Following on from Tuesday’s opening presentation, Dr. Antonella Liuzzo Scorpo and Dr. Jamie Wood repeated their introduction to Xerte, its potential and its positive reception so far – to learn more about this, please take a look at my previous blog post.
Dr. Antonella Liuzzo Scorpo opening with the introductory presentation. Photo by Paige Chapman.
This was followed by Dr. Sarah Atkinson and Adam Bailey, of the University of Brighton’s MA Art, Design, and Media module, accompanied by a live feed of two of their students who shared their experiences with using Xerte at a Masters Degree level. The intriguing module is studied completely online, with many of the lectures streamed through a video-chat program. Very similar to Making Digital History, the MA module at Brighton aims to increase digital literacy through programs such as Xerte. Xerte was optional here, but three of the students on the course decided to use it in their task to create a learning object to teach others. The feedback from the students on this course varied slightly from that on Making Digital History, and it was mentioned that many of the students underestimated the time needed to put together a Xerte object. It was also said that though it has design potential, its current appearance is perhaps not appealing to everyone – but there’s still plenty of potential for future success!
Dr. Sarah Atkinson and Adam Bailey opening their presentation. Photo by Paige Chapman
Sue Watling compiled a blog post about issues with copyright authority, which was also discussed during the workshop. Bob Ridge-Stearn, head of E-learning at Newman University raised this point with the audience during his presentation: many of his students had used images without checking for simple copyright violation, though many of the images they used could have been taken by the students themselves. It may be easier for a student to simply go onto Google images and get the first representative picture, but since many Xerte objects are published, it is best done the “old fashioned” (and much more genuine) way. Bob also explained that the course would incorporate some sort of copyright session alongside the Xerte sessions to make sure that students are aware of such issues.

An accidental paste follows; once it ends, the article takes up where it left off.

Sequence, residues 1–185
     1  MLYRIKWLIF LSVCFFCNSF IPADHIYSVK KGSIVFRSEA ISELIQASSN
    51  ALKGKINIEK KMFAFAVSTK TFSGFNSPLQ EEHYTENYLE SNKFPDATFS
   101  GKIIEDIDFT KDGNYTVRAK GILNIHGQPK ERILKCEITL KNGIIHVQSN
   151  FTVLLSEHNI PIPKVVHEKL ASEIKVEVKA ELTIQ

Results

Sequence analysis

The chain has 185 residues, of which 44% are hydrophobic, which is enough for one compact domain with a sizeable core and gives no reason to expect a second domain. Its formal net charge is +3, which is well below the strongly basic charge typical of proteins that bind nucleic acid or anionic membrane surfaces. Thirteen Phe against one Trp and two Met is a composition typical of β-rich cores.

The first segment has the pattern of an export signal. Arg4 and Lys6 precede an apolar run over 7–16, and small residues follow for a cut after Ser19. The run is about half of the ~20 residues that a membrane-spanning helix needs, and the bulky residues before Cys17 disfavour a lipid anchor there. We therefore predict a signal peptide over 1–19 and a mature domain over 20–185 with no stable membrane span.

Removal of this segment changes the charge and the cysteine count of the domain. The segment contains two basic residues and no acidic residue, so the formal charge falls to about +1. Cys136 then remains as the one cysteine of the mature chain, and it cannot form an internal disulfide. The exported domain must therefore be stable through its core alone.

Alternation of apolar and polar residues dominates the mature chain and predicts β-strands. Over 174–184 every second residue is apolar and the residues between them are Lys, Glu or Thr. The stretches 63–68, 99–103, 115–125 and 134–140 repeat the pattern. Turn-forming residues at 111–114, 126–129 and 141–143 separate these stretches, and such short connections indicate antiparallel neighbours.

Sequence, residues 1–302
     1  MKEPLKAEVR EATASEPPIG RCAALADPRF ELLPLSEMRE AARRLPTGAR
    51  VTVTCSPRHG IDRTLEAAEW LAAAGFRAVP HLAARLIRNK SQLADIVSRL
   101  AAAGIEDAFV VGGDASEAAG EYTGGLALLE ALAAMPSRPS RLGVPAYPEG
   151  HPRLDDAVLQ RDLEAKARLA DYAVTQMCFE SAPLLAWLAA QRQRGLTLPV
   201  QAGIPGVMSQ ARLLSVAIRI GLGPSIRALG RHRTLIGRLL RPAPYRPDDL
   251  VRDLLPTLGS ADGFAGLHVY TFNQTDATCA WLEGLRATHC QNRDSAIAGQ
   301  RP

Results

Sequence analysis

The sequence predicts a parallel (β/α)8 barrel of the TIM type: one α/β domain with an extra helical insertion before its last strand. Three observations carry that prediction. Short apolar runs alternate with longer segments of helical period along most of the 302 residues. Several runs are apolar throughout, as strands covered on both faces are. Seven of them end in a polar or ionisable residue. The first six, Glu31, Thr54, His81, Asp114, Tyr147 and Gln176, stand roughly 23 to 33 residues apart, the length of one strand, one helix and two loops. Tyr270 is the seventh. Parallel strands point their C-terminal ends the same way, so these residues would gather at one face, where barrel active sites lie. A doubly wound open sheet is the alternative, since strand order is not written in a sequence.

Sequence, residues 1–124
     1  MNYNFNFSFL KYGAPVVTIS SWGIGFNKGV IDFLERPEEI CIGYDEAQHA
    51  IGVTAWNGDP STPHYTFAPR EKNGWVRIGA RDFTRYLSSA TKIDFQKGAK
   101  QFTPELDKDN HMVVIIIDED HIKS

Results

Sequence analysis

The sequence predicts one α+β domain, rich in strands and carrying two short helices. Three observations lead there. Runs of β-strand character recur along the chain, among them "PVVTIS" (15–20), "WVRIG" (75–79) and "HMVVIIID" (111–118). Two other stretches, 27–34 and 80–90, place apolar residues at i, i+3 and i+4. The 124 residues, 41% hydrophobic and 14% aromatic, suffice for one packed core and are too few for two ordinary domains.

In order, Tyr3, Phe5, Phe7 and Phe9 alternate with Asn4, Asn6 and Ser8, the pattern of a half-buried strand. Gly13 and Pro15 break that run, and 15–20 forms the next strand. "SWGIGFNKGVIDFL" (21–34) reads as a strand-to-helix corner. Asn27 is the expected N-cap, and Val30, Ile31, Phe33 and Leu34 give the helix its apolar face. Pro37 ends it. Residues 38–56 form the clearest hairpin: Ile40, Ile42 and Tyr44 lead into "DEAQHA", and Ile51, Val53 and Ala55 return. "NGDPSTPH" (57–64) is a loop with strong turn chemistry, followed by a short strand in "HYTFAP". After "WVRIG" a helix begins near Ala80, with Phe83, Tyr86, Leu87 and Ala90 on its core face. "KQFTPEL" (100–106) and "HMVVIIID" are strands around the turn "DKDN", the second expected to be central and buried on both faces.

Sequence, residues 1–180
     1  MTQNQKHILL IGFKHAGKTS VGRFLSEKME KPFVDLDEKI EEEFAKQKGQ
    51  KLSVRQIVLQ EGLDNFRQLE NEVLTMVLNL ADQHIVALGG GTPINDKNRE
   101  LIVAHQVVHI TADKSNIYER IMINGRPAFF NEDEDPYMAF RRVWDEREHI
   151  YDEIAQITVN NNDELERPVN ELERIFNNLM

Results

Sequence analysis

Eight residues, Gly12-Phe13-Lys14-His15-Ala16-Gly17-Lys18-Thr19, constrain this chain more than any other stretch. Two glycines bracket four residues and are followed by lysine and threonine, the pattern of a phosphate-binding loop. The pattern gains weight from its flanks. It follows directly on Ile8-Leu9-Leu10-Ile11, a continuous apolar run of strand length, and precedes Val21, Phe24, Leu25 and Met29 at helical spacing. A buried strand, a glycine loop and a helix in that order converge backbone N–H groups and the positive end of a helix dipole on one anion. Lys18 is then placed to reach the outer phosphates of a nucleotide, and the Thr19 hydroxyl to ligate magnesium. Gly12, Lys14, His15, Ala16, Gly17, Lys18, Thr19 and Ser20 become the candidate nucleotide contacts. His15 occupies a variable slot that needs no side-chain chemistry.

Bob Ridge-Stearn during his presentation. Photo by Paige Chapman
My overriding response to the day is not identical to the last event; and I was certainly made aware of a wider number of issues concerning Xerte. Although these are small issues which could be solved by a couple more Xerte training sessions; teaching the students how to use more advanced Xerte tools so they can output more complex, impressive Xerte projects would make the software more rewarding and interesting for all who use it. It was praised as a good way of making digital learning materials, though was also held in less regard than PowerPoint. I stand by the point that the two are not meant to be similar; Xerte is far more useful at making digital objects for learning purposes than PowerPoint is, and challenges users to expand their digital literacy to a far greater extent.
The hands on Xerte session similar to that of Tuesday 24th June. Photo by Paige Chapman
See also this blog by Martin Cooke about the workshop.
‘Talking Xerte’ events are crucial to the curation of a project such as Making Digital History, and I attended two of these myself on 24th and 26th June. The former enabled Xerte pioneers to show what they have achieved; the problems they have encountered; and any future plans for their software. The software is still something of a “work in progress” but its vast potential was demonstrated by even the least experienced of users during this workshop. Dr. Antonella Liuzzo Scorpo and Dr. Jamie Wood took to the stage first; Making Digital History being just one of the projects on which they have collaborated. They also work together on one of Lincoln’s History BA modules, ‘East Meets West’, a first year module which introduces Xerte as an assessed group project; it ran for the first time in the 2013/14 year and attained a 100% pass rate on the Xerte assessment. Their presentation was a brief introduction, giving an overview of how the History Faculty at Lincoln is using Xerte, laying down one of the major underlying themes for the day: the advancement of students’ digital literacy.
Dr. Jamie Wood and Dr. Antonella Liuzzo Scorpo during their introduction presentation. Photo by Chris Rollinson. (http://bit.ly/1s3DFy8)
Dr. David Lewis of the Faculty of Biological Sciences and two of his undergraduate students: Alex Byrne and Chloe Choppen, followed this point perfectly with their presentation. It was mentioned that many who study science at degree level may not go on to do a scientific career; so the use of Xerte gives students more evidence of valuable transferable skills to put on their CVs. The same can be said for any subject, History included, that graduates may not find employment linked directly to their BA degree subject, so a varied and challenging course with different assessments (such as the use of Xerte) is a huge bonus. Alex and Chloe have also assisted in the construction of a coherent and thorough Guide Book for the Xerte tool to give new users clear instruction and support. They also gave feedback on Xerte from a student’s perspective, concerning the central skills which can be gained from it: self reflection; time management; teamwork etc. The pair offered extensive feedback on Xerte itself ranging from its positive interactivity to its limited formatting potential.